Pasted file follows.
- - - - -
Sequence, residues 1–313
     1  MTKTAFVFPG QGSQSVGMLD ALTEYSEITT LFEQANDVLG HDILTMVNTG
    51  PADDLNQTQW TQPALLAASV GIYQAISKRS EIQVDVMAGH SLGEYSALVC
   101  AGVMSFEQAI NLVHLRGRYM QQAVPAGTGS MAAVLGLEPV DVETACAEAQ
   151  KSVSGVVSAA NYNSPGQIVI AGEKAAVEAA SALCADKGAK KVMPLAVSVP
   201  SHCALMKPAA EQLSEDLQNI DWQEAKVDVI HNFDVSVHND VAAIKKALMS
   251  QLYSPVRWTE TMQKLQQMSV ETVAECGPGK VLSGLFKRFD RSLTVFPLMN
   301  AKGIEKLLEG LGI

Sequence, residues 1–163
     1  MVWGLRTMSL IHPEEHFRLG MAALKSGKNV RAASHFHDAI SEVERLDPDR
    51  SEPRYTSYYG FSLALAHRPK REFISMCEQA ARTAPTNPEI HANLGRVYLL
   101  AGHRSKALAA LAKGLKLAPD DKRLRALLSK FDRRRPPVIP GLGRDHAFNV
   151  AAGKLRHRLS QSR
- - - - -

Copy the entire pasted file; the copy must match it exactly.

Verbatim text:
Sequence, residues 1–313
     1  MTKTAFVFPG QGSQSVGMLD ALTEYSEITT LFEQANDVLG HDILTMVNTG
    51  PADDLNQTQW TQPALLAASV GIYQAISKRS EIQVDVMAGH SLGEYSALVC
   101  AGVMSFEQAI NLVHLRGRYM QQAVPAGTGS MAAVLGLEPV DVETACAEAQ
   151  KSVSGVVSAA NYNSPGQIVI AGEKAAVEAA SALCADKGAK KVMPLAVSVP
   201  SHCALMKPAA EQLSEDLQNI DWQEAKVDVI HNFDVSVHND VAAIKKALMS
   251  QLYSPVRWTE TMQKLQQMSV ETVAECGPGK VLSGLFKRFD RSLTVFPLMN
   301  AKGIEKLLEG LGI

Sequence, residues 1–163
     1  MVWGLRTMSL IHPEEHFRLG MAALKSGKNV RAASHFHDAI SEVERLDPDR
    51  SEPRYTSYYG FSLALAHRPK REFISMCEQA ARTAPTNPEI HANLGRVYLL
   101  AGHRSKALAA LAKGLKLAPD DKRLRALLSK FDRRRPPVIP GLGRDHAFNV
   151  AAGKLRHRLS QSR